5/1/02 Before [the kinesiology] session started, there was a break dance workshop on, and I watched a bit of it. It was intergenerational – older teenagers with 9-12 year olds. Some things that I thought were quite interesting about it. There was no clear overall pedagogical structure, in terms of roles / relations and sequenced activities. Rather there were clusters of boys trying out different moves, the more expert showing moves and helping less expert try them out, giving bits of advice about placement of body parts, etc. Lots of these moves entailed inversion, support on hands, etc. Another thing that was interesting was the fact that they were trying these moves without floor mats on a parquet (i.e. non-sprung) floor. So there was this enacted toughness around the practice – falls would hurt, and the only protection I saw worn was a helmet and two boys had taken their t-shirts off and made donuts out of them for head stands. I then went to yoga in Memorial Hall
6/1/02 Was thinking more about watching boys try out / try on break dance moves. One thing that’s important is that moves are performed and learnt discretely – so that they are like feats – things you can do and demonstrate you can do. I remember gymnastics being like that – you wanted to be able to do things, you were impressed when you saw people do things you couldn’t, and you’d try them out, the learning is informal, opportunistic and friendly in a competitive kind of way. Like – I have the right to teach you because I can do what you can’t. The discreteness of the moves, and their sufficiency in terms of spectacle helps this. Many of the moves have infinite duration – with repetition / rotation – so that in addition to the particular move, there is also demonstration of how long that move can be performed. The moves require strength, balance, agility – roughly in that order – but also a toughness and resistance to pain in performing gymnastic type moves without mats / padding etc.
7/1/02 I attended the end of another breaking session prior to S&S – again – the same loose, collegial pedagogical structure that works, in part, because the moves, manoeuvres are discrete, repeatable for any duration, or are feats whose performance is so marked it draws attention to itself. Morgan Lewis was running the session, but really just working one-on-one with individuals and occasionally noticing and commenting upon what others are doing. Again it reminded me more of a gymnastics class than a dance class.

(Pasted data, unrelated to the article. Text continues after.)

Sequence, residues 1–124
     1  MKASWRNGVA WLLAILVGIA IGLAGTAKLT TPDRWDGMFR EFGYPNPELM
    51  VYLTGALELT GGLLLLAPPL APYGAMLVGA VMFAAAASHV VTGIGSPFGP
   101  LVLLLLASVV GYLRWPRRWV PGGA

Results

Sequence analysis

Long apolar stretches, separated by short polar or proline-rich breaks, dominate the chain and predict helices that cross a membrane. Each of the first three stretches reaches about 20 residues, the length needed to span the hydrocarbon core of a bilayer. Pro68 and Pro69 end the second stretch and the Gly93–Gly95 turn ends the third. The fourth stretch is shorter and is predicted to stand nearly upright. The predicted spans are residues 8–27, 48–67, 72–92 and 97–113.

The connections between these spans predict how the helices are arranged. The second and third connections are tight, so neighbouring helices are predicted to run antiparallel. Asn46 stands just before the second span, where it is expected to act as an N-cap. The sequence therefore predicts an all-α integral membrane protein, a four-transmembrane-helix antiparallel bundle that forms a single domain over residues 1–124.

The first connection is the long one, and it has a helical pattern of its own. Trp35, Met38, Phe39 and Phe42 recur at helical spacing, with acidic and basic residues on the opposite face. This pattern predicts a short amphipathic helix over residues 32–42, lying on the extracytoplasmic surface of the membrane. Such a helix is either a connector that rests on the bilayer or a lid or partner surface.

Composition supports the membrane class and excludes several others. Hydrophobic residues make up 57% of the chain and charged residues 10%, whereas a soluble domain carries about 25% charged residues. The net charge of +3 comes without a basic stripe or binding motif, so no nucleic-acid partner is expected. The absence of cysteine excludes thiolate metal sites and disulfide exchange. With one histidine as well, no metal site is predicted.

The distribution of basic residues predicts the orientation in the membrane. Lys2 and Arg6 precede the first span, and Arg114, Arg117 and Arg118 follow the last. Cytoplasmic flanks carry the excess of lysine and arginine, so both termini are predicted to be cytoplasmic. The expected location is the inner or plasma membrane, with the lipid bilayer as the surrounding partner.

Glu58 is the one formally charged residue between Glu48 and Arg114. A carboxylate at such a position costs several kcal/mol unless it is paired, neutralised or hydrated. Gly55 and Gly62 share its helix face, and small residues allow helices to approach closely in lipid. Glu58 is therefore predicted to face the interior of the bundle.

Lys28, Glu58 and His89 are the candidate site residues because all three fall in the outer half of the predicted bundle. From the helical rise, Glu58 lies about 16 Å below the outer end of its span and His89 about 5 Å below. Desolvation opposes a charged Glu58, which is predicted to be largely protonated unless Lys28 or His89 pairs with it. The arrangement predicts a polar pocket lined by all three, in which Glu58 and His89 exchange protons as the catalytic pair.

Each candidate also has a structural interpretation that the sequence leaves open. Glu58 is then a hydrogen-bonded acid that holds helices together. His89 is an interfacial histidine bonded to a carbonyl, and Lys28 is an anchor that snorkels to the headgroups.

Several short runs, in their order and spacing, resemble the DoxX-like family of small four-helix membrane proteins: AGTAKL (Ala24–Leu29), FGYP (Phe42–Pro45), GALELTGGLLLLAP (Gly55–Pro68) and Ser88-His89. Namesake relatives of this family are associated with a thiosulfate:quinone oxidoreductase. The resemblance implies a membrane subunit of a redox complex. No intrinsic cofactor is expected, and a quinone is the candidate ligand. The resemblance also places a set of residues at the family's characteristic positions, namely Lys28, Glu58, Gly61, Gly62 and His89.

In these excerpts from my field notes, I characterised the pedagogy of breaking as ‘loose’ and ‘collegial’. What struck me was how the relations between instructor and learner in these sessions were neither singular nor fixed. Rather, relations of more expert to less were deployed between participants in an occasional or instantial way, such that participants challenge, extend and learn from each other. The pedagogical context is not simply one of dissemination, the transfer of gestures from teacher to learner. It is one in which participants work together, in the context of each others’ capacities, at enhancing their own capacity and developing their expertise.
Certainly, there is modelling going on here, demonstrations of moves and attempts at imitation. And there are clearly hierarchies of expertise and admiration. The discourse of breaking is one of admiration and respect; audiences at demonstrations are invited to ‘give it up’ in their applause in the way that breakers give up space to each other’s performance. But what commands respect in breaking is inventive differentiation, so that hierarchies of expertise and admiration splinter and proliferate along different lines as experienced breakers focus on and develop particular styles and specialise in certain moves that differentiate their capacity from others. In this way, and in terms of what breakers may become and in how they develop their capacities, the pedagogy of breaking seems much looser and more open-ended project than is the pedagogy of role-modelling.